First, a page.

- September 2016
- August 2016
- July 2016
- June 2016
- May 2016
- April 2016
- March 2016
- January 2016
- December 2015
- November 2015
- September 2015
- August 2015
- July 2015
- June 2015
- May 2015
- April 2015
- February 2015
- January 2015
- November 2014
- October 2014
- September 2014
- July 2014
- June 2014
- May 2014
- April 2014
- March 2014
- February 2014
- January 2014
- November 2013
- October 2013
- September 2013
- July 2013
- May 2013
- April 2013
- March 2013
- February 2013
- January 2013
- December 2012
- November 2012
- October 2012
- August 2012
- June 2012
- May 2012
- April 2012
- March 2012
- February 2012
- January 2012
- December 2011
- November 2011
- October 2011
- September 2011
- August 2011
- July 2011
- June 2011
- May 2011
- April 2011
- March 2011
- February 2011
- January 2011
- December 2010
- November 2010
Tag Archives: Early intervention
Our ability to collect consistent child support depends upon employment — and employers. The Family Support Act of 1988 revolutionized the collection of child support by requiring employers to withhold support payments from the paychecks of parents owing support. The law flipped the paradigm: instead of garnishing delinquent payments, the law established a process modeled after income tax withholding to withhold payments as they became due. In fact, the income withholding law is an early application of behavioral economics by setting up automatic payroll deductions with an opt-out to help parents do the right thing.
Next came the Personal Responsibility and Work Opportunity Reconciliation Act of 1996 (PRWORA), enacted twenty years ago. PRWORA required employers to report new hires and established the National Directory of New Hires. Obtaining employer data on a systematic basis allowed us to determine whether parents owing support have a regular paycheck coming in.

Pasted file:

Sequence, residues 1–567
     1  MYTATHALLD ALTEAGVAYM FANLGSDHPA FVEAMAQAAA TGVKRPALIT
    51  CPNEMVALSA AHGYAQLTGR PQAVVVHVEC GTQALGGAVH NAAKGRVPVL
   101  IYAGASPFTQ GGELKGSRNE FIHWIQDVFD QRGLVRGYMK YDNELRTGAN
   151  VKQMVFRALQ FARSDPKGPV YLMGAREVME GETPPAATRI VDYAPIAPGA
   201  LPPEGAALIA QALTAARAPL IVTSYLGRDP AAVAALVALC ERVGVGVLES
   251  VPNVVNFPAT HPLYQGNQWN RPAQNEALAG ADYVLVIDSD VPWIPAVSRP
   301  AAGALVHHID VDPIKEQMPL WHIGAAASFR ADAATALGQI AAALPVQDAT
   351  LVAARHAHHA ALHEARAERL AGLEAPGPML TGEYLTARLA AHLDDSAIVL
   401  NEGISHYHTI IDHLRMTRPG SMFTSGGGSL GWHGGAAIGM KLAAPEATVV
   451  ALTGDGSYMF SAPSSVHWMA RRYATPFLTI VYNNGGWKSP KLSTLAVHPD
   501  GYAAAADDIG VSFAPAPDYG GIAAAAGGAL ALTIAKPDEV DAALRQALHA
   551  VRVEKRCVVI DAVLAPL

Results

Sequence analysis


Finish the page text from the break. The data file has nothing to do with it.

These two business practices — income withholding and new hire reporting — transformed our program. Today, 75 percent of collections are paid through income withholding, and our current collection rate is at an all-time high of 65 percent. This means that families are more likely than ever to receive regular on-time payments that they can depend upon and budget for. And it means that we could not be where we are today without our essential partnerships with employers. Indeed, employers are our MVPs. In recent years, several child support agencies have launched employer outreach campaigns and established dedicated employer liaisons to keep our employer partnerships robust.
As part of our efforts to facilitate income withholding and new hire reporting, OCSE has prioritized automated tools, portal enhancements, and standardized procedures to streamline the process. These streamlined processes make it easier for employers to help us carry out our mission and get more support to families.
We have made a number of improvements such as:
- e-IWO — Federal legislation enacted in 2014 requires states to use electronic income withholding. More than 50 states and territories participate in e-IWO, and they issue withholding orders to more than 9,000 unique Federal Employer Identification Numbers. Find out more in Sherri Grigsby’s ‘Employer outreach builds allegiance’ article on page 3.